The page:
Having exhausted herself narrating the savage duel of Achilles and Hector Chesser demurs from telling what comes next. There are laughs when she tells us directly that the Trojans should have given Helen back to her husband Menelaus. Don't you all think that? That notion occurring some ten years and change into a war with so much suffering and carnage.
The Iliad is about pride and hubris. The pettiness and cruel whimsy of the gods who take sides. If the spear of Achilles finds a target it's because Athena who loves him has so guided it.
All of that complexity is leveled by the insistence on the quotidian in this production. The poet extrapolates that the iconic duel of Achilles and Hector might be plucked from any war. In that sense it is a signifier for all war. She then tediously lists the fall of ancient cities and all the major wars from ancient times to the invasion of Ukraine by Russia. The list just went on and on and on. Which is its point but the story of the Iliad ground to a halt as the wheels fell off.
For me, the most egregious lapse of the performance was the flattening of the most poignant and poetic passage of the Iliad. King Priam humbles himself to come to the tent of Achilles to ransom the battered corpse of his son. In his chariot the triumphant Achilles had dragged the body of his victim several times around the walls of Troy.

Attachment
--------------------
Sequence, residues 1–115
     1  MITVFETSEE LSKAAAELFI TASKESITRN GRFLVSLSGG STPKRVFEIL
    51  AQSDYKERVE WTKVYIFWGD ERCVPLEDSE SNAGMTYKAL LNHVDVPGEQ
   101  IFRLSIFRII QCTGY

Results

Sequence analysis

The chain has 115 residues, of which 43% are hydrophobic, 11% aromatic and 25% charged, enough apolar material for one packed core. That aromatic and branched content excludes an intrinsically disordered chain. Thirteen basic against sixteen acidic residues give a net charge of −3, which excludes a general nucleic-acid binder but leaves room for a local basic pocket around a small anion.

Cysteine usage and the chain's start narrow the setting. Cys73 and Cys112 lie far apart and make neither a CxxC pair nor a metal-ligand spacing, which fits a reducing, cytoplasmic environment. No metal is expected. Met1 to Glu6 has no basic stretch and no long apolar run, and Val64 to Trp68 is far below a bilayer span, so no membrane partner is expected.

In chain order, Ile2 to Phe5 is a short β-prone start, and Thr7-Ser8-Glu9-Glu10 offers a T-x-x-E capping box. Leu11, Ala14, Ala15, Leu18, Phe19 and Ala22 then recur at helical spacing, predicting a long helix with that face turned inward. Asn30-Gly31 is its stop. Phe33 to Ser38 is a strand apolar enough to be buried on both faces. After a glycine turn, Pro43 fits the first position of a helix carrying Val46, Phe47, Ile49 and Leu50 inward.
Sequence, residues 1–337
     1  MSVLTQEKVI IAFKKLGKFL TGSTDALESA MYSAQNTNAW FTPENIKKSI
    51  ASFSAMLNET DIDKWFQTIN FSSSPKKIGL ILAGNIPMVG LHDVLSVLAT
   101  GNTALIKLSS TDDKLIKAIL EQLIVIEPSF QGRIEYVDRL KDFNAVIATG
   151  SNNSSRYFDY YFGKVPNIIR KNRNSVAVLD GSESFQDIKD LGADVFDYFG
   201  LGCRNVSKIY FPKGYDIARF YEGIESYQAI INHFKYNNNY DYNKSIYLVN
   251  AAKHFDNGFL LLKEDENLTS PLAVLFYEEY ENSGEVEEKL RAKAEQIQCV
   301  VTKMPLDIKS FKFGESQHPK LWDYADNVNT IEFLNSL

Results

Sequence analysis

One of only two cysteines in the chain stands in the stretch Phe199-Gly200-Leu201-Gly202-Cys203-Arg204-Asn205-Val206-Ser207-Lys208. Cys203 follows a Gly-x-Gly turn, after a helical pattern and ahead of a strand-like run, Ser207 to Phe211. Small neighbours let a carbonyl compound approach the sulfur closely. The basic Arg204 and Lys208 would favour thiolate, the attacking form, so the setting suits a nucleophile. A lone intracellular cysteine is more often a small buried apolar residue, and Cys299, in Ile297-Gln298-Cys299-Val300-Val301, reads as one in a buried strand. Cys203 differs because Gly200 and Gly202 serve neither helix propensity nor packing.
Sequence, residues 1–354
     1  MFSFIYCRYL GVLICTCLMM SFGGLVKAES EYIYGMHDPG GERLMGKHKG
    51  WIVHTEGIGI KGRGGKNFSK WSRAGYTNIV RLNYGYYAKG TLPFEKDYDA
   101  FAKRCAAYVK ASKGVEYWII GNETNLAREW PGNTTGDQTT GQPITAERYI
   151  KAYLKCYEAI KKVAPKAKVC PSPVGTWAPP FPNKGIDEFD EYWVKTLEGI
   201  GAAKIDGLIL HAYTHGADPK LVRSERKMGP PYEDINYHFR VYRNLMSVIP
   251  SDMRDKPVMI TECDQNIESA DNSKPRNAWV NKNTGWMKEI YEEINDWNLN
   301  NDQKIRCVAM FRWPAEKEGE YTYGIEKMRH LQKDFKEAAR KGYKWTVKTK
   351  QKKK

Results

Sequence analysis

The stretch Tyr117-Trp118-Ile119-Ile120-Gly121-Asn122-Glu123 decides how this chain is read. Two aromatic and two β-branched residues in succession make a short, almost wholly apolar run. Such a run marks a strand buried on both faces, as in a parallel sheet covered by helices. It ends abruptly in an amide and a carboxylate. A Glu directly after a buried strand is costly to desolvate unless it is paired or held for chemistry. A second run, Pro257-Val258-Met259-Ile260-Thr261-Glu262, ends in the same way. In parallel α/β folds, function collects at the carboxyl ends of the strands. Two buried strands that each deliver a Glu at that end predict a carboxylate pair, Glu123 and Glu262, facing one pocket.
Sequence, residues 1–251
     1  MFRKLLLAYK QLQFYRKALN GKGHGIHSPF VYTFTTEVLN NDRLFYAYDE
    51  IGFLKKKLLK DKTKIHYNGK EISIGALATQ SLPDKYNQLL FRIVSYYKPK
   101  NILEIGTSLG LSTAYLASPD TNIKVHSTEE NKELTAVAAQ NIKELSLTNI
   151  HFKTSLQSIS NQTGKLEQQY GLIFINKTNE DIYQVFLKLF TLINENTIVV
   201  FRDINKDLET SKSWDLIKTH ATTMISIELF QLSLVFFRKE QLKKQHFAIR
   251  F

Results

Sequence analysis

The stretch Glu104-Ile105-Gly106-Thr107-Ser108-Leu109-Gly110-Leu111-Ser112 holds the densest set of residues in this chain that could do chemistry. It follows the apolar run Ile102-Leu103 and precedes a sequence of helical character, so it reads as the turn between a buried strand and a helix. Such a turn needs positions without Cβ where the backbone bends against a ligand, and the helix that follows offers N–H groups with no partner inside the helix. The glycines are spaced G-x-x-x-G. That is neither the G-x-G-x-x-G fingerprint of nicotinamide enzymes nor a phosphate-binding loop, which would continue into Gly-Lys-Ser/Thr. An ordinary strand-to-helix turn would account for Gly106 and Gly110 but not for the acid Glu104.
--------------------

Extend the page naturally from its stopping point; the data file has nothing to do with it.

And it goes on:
There is reversal, one of the great dramatic devices, as Achilles let’s go of his anger and pride and treats Priam with respect and dignity. The king is invited to dine with Achilles, spend the night, and return to Troy in the morning. In this telling Chesser seemed depleted by what she had put out previously. From here the play stutter-stepped to its uneasy climax with more of a whimper than a bang.
Much of the technical aspects of the production hindered rather than enhanced the narrative. The main stage was too large to convey an intimate, one woman performance. Our eyes perused a clutter of Goodwill junk designed by Sarah Edkins. It was never clear what the location represented. Coming on stage she set right some overturned furniture. What did that mean?
Wearing a schmatta from costume designer Govane Lohbauer she approached a rack of garments at the rear of the stage. She selected a looped scarf. We anticipated other costume changes that never happened. So why the rack of clothing if not to be used? Or many of the items including a helmet and armor that might have served as props.
Initially, she banged on a pipe demanding music stating I can’t do this alone, I need help. Eventually it came to life in the lovely, understated composition of Alex Sovronsky.
While Jeffrey Mousseau did an adequate job of directing the play it seems that he and Chesser were undermined by the ill conceived script of Peterson and O’Hare. By abandoning the majestic poetic arc of the iconic epic they gambled on making it vernacular and accessible for a contemporary audience. While Chesser was right for this script she lacks the style, authority and presence to convey ancient Greek mythology. This represents an all too common approach to classical theatre that doesn’t always work.